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Brookings on Job Numbers

Unemployment Not Likely to Improve for the Next 6 months; Will Hover Just Below 6 percent

This post discusses my monthly update of the Barnichon-Nekarda model. For an introduction to the basic concepts used in this post, read my introductory post (Full details are available here.)

In September, the unemployment rate declined to 5.9%, 0.2% lower than I expected. The difference owes to a stronger than expected decline in workers’ job separation rate (layoffs). Since the separation rate is now back at its pre-recession level, there is little further gain to expect from this front, and I continue to expect the unemployment rate to remain steady over the next 6 months with a jobless rate of 5.9% in October and 5.8% in March 2015.

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This model’s forecast can be easily understood by looking at the projected behavior of the “steady-state” unemployment rate. The steady-state unemployment rate, the rate of unemployment implied by the underlying labor force flows—the blue line in figure 2— stands currently at 5.8%, just 0.1% lower than the actual unemployment rate. Our research shows that the actual unemployment rate converges toward this steady state. With a steady-state unemployment rate only marginally below the actual rate, there is little “steady-state convergence dynamic” pushing the unemployment rate down going forward. Moreover, the steady-state unemployment rate (SSUR) is expected to decline only slowly over the coming month with a steady-state rate at 5.6% by March 2015 (figure 2). All in all, there is little downward momentum developing on the unemployment rate front.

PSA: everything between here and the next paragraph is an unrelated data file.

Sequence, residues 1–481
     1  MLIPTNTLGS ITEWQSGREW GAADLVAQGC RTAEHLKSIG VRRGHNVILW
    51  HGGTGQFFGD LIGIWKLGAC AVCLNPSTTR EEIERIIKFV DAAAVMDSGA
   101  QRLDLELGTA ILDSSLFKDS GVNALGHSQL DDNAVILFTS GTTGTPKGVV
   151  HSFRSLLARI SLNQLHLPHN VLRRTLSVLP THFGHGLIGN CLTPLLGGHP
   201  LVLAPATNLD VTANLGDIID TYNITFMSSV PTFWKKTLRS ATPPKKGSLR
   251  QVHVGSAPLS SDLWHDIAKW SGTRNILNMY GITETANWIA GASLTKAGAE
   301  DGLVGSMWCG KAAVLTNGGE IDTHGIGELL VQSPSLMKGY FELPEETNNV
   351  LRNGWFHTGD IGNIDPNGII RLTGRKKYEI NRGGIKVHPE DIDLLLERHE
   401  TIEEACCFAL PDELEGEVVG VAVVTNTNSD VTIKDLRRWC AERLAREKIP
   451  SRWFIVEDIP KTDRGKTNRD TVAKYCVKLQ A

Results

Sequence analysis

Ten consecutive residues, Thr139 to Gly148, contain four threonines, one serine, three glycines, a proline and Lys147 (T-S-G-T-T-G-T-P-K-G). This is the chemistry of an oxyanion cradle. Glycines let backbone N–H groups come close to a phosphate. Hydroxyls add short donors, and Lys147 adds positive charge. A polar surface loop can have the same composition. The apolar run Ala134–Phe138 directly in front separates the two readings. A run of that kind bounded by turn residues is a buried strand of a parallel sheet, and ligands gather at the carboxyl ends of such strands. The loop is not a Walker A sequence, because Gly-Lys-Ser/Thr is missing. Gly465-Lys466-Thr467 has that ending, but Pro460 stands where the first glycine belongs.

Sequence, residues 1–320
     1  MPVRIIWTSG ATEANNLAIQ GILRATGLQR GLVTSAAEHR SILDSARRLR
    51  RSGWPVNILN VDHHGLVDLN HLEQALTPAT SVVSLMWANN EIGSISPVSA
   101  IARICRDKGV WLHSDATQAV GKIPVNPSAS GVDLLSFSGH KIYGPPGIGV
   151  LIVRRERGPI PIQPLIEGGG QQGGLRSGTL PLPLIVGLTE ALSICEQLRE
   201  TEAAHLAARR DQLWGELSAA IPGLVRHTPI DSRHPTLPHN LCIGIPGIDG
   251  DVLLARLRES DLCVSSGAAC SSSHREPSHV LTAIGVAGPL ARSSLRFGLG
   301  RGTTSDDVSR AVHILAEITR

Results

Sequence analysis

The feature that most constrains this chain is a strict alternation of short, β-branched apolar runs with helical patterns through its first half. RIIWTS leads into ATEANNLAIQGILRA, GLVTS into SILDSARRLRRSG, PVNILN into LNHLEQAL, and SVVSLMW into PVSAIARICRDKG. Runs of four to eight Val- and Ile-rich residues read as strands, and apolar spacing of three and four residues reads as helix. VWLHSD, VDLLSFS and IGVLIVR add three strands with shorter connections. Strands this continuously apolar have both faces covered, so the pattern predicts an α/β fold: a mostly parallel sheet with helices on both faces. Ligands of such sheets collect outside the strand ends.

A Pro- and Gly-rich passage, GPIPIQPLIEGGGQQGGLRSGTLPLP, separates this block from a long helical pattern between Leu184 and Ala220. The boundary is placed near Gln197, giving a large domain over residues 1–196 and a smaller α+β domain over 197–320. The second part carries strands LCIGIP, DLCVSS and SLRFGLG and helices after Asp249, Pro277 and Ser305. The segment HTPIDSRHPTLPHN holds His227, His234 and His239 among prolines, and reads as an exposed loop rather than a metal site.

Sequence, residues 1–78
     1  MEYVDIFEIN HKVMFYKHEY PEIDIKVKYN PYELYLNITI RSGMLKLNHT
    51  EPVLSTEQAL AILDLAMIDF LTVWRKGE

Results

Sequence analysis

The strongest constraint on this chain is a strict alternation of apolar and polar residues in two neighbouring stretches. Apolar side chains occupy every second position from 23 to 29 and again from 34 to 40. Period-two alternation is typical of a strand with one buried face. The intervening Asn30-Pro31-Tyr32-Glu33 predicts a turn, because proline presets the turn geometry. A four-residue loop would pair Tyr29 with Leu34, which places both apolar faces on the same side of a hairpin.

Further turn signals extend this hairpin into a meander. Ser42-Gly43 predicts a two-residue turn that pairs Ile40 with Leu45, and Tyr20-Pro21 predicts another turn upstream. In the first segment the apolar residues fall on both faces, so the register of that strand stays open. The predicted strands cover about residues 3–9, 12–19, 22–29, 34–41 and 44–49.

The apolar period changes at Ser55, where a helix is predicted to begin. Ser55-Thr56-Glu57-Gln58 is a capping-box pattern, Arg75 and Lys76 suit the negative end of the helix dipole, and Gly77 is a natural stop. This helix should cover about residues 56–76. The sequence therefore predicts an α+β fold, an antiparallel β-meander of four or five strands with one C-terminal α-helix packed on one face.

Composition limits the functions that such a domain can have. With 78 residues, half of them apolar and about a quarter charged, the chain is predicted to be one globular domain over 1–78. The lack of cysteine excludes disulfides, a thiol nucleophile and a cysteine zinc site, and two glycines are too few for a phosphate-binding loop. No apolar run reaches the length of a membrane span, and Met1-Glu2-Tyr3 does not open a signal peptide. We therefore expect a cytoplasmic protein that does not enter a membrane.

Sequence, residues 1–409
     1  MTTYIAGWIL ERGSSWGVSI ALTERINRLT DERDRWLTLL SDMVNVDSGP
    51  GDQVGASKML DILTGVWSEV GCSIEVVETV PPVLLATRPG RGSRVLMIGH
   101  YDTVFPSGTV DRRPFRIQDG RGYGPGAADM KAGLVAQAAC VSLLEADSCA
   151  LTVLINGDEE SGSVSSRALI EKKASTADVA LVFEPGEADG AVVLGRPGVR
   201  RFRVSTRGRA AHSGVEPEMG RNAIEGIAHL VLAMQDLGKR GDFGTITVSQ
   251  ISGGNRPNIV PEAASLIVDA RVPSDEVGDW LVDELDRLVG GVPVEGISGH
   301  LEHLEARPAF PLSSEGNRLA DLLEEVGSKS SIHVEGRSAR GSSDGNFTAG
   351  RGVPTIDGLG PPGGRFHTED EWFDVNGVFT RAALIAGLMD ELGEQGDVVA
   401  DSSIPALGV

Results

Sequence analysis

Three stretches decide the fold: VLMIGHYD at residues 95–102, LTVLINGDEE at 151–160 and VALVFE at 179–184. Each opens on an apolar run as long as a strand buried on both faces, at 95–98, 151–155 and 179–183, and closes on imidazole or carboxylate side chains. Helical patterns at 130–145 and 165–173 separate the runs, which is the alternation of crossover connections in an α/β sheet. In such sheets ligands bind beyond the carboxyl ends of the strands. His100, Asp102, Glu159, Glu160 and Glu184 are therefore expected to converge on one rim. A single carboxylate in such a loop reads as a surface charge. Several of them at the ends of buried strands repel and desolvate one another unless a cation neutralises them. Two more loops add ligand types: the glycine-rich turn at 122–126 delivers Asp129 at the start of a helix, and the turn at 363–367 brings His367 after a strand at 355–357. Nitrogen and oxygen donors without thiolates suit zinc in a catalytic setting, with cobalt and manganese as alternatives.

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To forecast the behavior of steady-state unemployment, the model propagates forward its best estimate for how the flows in and out of unemployment will evolve over time. Since the separation rate is now back at its pre-recession level (figure 3), there is little further gain to expect from this front, and the forecasts of the flows have been little affected. Thus, apart from a lower level, the model continues to anticipate the unemployment rate to remain steady over the next six months.

 

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To read more about the underlying model and the evidence that it outperforms other unemployment rate forecasts, see Barnichon and Nekarda (2012).

For more recent analysis by Brookings experts on how weather and seasonality have affected the latest jobs numbers, visit our page on adjusting the monthly jobs numbers.

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